Wednesday, February 12, 2014

Today in motorcycle history, February 12, 1987




  One time savior of the British motorcycle industry, Roger Dennistoun "Dennis" Poore dies in London at 70.

  Dennis Poore was a British entrepreneur, financier, and when the mood struck, racecar driver.  Matter of fact, he used his personal wealth to bankroll the founding, in 1950, of the racing journal "Autosport".  

  Twenty-years later,  Poore would sell off the propeller business from Manganese Bronze Holdings PLC and use the funds in a heroic attempt to stave off the collapse of the British motorcycle industry.  Buying engine manufacturers Villiers first and then Associated Motor Cycles (AMC), meaning iconic brands Norton, James, AJS, Matchless and Francis-Barnett were thereby all owned by the Manganese Bronze group.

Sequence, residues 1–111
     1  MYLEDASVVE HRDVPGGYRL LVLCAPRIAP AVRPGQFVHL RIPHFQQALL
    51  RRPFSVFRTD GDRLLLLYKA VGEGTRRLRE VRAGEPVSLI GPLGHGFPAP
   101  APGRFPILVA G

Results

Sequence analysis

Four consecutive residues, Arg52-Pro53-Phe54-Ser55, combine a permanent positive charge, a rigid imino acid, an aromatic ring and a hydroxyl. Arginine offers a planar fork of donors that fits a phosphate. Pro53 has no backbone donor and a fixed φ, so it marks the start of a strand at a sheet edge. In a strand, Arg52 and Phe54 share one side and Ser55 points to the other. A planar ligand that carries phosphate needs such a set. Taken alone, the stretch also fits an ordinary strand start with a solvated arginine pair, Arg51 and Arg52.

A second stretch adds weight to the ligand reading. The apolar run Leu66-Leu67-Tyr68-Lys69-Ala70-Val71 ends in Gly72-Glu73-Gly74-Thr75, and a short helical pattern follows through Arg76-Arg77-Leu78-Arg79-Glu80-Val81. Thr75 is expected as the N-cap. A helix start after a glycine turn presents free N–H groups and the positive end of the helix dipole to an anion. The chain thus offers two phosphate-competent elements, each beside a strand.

BSA Group merged in July, 1973 in a government-encouraged "shotgun wedding" with Norton-Villiers as Norton-Villiers-Triumph (NVT) - with Dennis Poore as new NVT Chairman.  The pints were flowing in celebration as people remembered that Poore had rescued Norton from the brink of folding in the 1960's. Then BSA collapsed.  The celebratory pints went dry.  The motorcycle interests of Manganese Bronze and BSA were put into Norton Villiers Triumph Ltd, and the non-motorcycle interests of BSA were bought by Manganese Bronze.  With the purchase of BSA came its subsidiary Carbodies, builder of the FX4 London Taxi; the classic "black cab". 

  Then  when, without warning, in September Poore announced the closing of Meriden works effective February, 1974.  Of the 4,500 employees, 3,000 are to be let go.  Faced with unemployment and having their products handed over to a rival firm, the workers rose up.   This immediately starts an 18-month employee 'sit-in' and the closure of the Meriden plant.  By late 1973, all the Triumph models except the T120 Bonneville are discontinued.

  After disposing of the motorcycle manufacturing arms, Poore continued to head Manganese Bronze as a taxi and component manufacturer until his death.